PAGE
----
Review: Kia Venga (2010 – 2018)


Spacious back seats and wide-opening doors. Easy to drive and park. Good visibility. Decent boot capacity.

Not a sporty handler. Generally older generation petrol engines. Has not been significantly updated.

Kia Venga (2010 – 2018): At A Glance

Practicality and ease-of-use were obviously top priorities for the designers behind the Kia Venga. Despite its small size the Venga is spacious, with sliding rear seats, wide-opening back doors and a high-up driving position like a little SUV. It’s easy to get in and out and easy to drive – but the Honda Jazz does everything (except price) a little bit better.

There are two petrol and two diesel engine options. The 1.4-litre and 1.6-litre petrols are affordable but they’re old-fashioned and naturally-aspirated, meaning they need to be worked hard to give their best, unlike modern turbo petrol engines. Emissions are fairly high – 130g/km for the 1.4-litre means tax isn't as cheap as you'd expect.

The diesel engines are a better bet, unless you’re a low mileage driver. The 90PS 1.4 CRDi is responsive at low engine speeds and has official economy of 119g/km, but surprisingly the more powerful 114PS 1.6-litre diesel is marginally more economical and has lower emissions. It is more expensive, of course – but the expense might be worth it for high-mileage or motorway drivers.

Sensibly designed rear seats make the Venga very family-friendly. They can be slid back and forth and reclined, depending on whether boot space or legroom is a priority, plus they split fold for bulky loads. Furthermore, the rear doors open very wide which makes life easy when strapping in child seats.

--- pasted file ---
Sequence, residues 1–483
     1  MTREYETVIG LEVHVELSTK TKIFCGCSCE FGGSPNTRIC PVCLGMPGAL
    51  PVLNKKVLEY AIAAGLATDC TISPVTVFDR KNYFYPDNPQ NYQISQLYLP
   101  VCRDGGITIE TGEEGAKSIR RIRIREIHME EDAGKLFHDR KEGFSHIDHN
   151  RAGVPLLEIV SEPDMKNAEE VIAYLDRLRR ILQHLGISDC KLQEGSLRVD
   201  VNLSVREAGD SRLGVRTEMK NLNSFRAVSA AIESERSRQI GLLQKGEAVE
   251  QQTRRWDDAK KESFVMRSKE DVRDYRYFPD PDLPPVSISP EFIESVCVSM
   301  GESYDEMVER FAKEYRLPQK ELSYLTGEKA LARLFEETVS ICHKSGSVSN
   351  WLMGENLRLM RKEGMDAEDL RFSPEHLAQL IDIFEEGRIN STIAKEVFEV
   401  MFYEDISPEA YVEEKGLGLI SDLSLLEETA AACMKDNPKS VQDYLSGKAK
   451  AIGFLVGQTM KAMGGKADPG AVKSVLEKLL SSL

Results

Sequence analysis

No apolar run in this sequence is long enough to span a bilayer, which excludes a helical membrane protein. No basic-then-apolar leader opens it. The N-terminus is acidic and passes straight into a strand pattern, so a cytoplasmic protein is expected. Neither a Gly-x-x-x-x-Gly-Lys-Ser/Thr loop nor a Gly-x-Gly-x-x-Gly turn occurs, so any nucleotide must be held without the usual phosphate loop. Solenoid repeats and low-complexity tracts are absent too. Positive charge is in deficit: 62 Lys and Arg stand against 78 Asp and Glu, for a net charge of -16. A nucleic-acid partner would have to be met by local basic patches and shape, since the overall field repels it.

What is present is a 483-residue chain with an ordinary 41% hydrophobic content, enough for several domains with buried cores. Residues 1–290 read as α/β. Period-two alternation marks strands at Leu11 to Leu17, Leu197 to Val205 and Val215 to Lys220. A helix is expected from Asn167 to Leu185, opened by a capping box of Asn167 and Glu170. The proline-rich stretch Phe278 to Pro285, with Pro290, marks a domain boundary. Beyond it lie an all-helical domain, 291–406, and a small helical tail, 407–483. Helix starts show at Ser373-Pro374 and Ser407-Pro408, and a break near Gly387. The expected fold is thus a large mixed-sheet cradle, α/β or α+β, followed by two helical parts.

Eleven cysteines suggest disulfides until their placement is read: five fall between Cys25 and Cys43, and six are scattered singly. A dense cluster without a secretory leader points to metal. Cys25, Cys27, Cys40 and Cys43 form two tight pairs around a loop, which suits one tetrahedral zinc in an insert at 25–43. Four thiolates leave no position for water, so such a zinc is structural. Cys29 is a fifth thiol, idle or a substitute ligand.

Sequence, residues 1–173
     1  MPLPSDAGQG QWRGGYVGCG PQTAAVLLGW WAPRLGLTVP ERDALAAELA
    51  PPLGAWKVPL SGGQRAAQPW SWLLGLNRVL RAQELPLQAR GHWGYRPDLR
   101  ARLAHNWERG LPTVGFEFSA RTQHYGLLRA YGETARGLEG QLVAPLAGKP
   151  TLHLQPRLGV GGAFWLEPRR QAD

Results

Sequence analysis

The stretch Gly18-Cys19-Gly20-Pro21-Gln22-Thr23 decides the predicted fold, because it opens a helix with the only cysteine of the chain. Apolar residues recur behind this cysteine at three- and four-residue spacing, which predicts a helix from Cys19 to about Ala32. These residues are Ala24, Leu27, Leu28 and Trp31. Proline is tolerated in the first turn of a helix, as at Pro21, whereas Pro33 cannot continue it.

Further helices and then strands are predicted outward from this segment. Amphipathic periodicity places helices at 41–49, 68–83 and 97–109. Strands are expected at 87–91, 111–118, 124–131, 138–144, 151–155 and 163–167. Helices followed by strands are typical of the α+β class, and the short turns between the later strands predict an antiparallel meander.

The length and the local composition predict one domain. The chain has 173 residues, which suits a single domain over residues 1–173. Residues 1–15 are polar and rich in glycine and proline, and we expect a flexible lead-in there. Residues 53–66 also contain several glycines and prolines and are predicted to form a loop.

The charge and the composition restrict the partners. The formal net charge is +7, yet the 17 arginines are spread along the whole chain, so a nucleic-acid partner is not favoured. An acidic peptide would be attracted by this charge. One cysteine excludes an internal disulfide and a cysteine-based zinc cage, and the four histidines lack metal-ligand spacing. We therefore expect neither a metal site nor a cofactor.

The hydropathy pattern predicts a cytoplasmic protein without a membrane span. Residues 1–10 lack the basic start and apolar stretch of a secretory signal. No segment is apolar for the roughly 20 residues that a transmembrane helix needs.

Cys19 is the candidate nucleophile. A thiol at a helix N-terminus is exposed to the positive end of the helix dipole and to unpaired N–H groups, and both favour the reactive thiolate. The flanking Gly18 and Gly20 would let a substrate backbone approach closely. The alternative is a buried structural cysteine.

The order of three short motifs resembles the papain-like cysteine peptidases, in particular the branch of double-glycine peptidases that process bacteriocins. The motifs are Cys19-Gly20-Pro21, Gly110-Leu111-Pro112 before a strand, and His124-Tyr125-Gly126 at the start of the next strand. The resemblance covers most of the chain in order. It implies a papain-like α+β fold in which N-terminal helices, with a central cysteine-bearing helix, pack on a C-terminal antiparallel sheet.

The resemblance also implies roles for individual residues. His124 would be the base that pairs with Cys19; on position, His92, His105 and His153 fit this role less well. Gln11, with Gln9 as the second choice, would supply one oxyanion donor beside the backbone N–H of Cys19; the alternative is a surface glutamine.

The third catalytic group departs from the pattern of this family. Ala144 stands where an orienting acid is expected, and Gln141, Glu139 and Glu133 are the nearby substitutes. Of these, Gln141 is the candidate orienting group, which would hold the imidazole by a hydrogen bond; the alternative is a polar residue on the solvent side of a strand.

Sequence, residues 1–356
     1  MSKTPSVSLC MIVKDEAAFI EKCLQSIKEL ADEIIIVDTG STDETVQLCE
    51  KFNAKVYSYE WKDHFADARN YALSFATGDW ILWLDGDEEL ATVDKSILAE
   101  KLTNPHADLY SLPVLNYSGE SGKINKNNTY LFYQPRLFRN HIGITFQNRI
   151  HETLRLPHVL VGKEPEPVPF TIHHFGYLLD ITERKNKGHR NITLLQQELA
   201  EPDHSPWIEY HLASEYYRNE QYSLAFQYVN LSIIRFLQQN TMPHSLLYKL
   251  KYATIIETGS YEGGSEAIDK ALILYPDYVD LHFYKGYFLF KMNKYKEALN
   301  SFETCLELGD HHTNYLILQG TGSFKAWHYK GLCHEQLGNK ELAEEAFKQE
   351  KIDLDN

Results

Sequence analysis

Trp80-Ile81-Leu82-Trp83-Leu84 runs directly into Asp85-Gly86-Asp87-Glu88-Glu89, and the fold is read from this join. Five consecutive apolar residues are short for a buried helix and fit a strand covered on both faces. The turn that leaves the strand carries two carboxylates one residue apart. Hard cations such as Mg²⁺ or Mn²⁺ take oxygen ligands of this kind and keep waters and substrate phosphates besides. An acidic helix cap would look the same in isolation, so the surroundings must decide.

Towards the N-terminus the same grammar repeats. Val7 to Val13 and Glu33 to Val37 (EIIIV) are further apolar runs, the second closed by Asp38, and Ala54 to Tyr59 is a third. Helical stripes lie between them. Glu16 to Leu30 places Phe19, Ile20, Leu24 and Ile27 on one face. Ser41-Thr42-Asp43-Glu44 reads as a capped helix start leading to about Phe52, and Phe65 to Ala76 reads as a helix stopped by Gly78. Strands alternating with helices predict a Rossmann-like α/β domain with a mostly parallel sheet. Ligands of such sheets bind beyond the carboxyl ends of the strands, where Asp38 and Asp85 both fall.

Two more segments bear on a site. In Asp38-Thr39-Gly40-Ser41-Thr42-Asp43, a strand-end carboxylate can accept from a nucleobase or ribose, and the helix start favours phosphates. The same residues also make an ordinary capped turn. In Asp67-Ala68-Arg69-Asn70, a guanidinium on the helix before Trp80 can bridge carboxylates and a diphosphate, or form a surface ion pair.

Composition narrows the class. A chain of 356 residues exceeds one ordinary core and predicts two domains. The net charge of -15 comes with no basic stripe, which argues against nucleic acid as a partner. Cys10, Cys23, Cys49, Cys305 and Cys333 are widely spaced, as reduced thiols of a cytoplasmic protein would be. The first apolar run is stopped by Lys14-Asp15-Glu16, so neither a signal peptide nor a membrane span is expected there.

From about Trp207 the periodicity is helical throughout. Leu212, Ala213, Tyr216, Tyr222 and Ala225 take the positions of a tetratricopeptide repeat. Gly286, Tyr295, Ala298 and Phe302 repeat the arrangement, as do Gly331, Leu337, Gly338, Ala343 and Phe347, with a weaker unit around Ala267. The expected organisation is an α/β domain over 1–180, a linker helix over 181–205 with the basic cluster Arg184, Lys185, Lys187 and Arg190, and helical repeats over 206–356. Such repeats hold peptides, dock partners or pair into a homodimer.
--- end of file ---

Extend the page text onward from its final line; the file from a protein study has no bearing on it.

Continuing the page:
The boot is wide and flat, with a reasonably low load deck and a false floor, covering some little storage areas for small odds and ends. Volume with the seats up is 440 litres and sliding the rear seats forward increases this a little. Folding the rear seats down makes a nice flat load area with 1253 litres of capacity.

Honda’s latest Jazz has fairly similar load capacity on paper, but it has a more versatile and user-friendly rear-seat layout and a lower load deck, so is more user-friendly than the Venga. However, the Venga is available for less than the Jazz and it has a broader range of engines – so it’s still a good buy if you value practicality above all else. 

What does a Kia Venga (2010 – 2018) cost?

Contract hire from £170.99 per month

Kia Venga (2010 – 2018): What's It Like Inside?

Length 4068–4075 mm
Width 1765 mm
Height 1600 mm
Wheelbase 2615 mm

Full specifications

The Kia Venga is among the more cleverly-packaged small cars on sale. It might not be much bigger than a Ford Fiesta, but the interior is very spacious indeed. The rear seats are more than capable of accommodating adults thanks to generous head and legroom, plus they slide and recline.

Despite the ample rear-seat space, the load area is a good size at 440 litres. Sliding the seats forward frees up a little more space, plus there is a false boot floor with small storage areas underneath. The load deck is reasonably low and has no lip, so sliding objects in and out is straightforward.

Folding the rear seats down creates a flat load area with a maximum volume of 1253 litres. As small cars go it’s among the most practical available, but if maximum versatility is top of your buying criteria the Honda Jazz is better still, with its cleverly-designed ‘magic’ seats providing a wider variety of load-carrying arrangements.

Build quality in the Venga is very good, with sturdy, hardwearing plastics that don’t creak or rattle. The centre stack layout looks dated though, with a tiny display for audio information and somewhat fiddly controls for flicking through menus to set up Bluetooth or choose a radio station.

This isn’t a problem in higher-spec models, which come with a seven-inch touchscreen system including navigation. If you’re not keen on the idea of a pricey, high trim level, more basic variants are still fairly well-equipped. Most versions of the Venga have air conditioning, and all come with hill start assistance, a USB socket and Aux connectivity.

Standard equipment:

1 models come with 15-inch steel wheels, front electric windows, 12V sockets in the cabin and boot, USB socket, aux input, steering wheel audio controls and hill start assistance.

1 Air adds air conditioning.

SR7 adds 16-inch alloy wheels, red upholstery stitching, Bluetooth connectivity and reversing sensors.